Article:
15 Sep 2014
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To Be or What: A Lesson Learned

A tribute to the local public library and a lesson a librarian taught me years ago.

To Be or What: A Lesson Learned To Be or What: A Lesson Learned

"Whatever the cost of our libraries, the price is cheap compared to that of an ignorant nation." —Walter Cronkite

"Without libraries what have we? We have no past and no future." —Ray Bradbury


As I grew up, there was always a public library in my life. I had a library card before I had a credit card. This idea of befriending my library was long before the internet was in vogue. This was also before personal computers were in everyone's homes.

In all my encounters in the libraries over my life, there's one I remember the most. When I was a young child of 14, I went to the New Carrolton Library in Prince George's County in Maryland. This library was my first real experience with a real public library. When I went to  Robert Goddard middle school library, their library were understocked of a lot of books. At 14, I consided this library at New Carrolton huge. In hindsight, this library was a nice sized library. However, as I have grown older and wiser, I have seen bigger sized libraries. You know the old expression: you never forget your first. The New Carrolton Library still is one of my favorite places to visit.

My teacher in school had given the class an assignment which we needed to go to a library for look up information. She told us that we needed to do research, something a young 14 year old was alien to.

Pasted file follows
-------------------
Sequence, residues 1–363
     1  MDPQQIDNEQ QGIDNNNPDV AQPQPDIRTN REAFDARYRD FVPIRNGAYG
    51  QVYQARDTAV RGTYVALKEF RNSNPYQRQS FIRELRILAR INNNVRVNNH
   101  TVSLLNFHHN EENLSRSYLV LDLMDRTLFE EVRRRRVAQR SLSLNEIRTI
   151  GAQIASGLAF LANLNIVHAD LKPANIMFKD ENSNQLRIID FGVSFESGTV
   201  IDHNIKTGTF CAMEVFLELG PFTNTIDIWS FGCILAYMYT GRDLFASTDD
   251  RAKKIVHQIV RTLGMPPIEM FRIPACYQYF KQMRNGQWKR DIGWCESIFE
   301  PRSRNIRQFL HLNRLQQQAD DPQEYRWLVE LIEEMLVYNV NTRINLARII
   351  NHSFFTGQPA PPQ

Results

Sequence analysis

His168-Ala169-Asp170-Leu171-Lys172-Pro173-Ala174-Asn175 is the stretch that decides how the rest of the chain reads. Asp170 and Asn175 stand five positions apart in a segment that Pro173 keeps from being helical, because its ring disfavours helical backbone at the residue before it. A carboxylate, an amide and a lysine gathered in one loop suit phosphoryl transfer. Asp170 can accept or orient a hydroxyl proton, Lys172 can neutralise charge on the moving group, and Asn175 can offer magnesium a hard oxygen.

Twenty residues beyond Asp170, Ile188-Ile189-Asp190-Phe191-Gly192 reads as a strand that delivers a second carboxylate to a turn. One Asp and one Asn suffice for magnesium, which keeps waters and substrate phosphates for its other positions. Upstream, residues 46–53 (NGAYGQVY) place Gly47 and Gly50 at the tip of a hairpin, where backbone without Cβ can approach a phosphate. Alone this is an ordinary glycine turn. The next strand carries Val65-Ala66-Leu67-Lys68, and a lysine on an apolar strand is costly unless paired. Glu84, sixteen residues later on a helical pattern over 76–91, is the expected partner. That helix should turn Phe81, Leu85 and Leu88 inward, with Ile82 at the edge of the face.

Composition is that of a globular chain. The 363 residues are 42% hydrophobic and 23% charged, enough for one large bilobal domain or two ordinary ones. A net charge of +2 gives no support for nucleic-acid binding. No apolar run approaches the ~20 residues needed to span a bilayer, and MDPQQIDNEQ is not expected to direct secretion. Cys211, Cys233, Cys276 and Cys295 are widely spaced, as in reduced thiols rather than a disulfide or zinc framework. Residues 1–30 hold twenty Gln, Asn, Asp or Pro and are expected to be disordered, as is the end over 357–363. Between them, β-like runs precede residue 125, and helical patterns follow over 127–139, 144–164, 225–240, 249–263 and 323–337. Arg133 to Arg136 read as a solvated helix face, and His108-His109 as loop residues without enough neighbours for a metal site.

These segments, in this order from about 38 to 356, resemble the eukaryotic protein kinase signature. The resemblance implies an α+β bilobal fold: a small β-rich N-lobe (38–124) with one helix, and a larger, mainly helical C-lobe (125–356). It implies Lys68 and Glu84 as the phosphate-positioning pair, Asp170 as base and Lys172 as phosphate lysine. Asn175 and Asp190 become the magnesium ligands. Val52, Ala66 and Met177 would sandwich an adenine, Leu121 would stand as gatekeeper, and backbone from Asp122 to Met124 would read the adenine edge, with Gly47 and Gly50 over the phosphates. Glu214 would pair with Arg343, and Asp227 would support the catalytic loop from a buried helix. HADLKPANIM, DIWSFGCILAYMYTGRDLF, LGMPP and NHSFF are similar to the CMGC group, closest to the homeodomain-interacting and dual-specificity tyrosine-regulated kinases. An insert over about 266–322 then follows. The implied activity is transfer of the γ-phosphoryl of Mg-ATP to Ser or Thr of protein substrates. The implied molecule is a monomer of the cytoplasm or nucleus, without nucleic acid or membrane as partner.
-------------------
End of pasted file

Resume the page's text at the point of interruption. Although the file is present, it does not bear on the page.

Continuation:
So when I went to the library, I bee-lined myself to the information desk. The librarian at the desk was a blonde woman with a dowdy face

I approached the desk with all the cockiness and swagger that a 14 year old teen who thought he was cool would have.

"I need a book!"

The librarian looked at me with a blank gaze. Without a second thought, she spoke with a tone of authority. “That's nice. Have you looked the book up?”

“Well… er… no.”

This librarian then gave me a lesson in looking up books, which I never will forget as long as I live. She started explaining the card catalog (this was before the card catalog system was computerized and interneted like it is now). The cards were file cards in a larger than life card file cabinet. She explained: “A book could be searched by title, author, or subject.”  

Then she explained the Dewey decimal system—if you do not know, that is how many libraries categorizes books—to my immature 14-year-old mind. Did I get a lesson? You better believe it!

This librarian pointed me in right direction. However, she never showed me where the book was nor pointed me to the shelves. She hinted, but never revealed, where it was. After a few mistakes, I found the section where the books on the subjects were found. There was a pride that I did it myself.

From this special interaction with this librarian, a friendship with this special librarian was born. Sally was a great teacher, wonderful resource, and a supportive friend. I knew her for 40 years and things she taught me long ago I still use. She also taught me to love the library system and my love of the libraries, a gift I can never repay.

When I think of the library, I think of her.

Food for Thought

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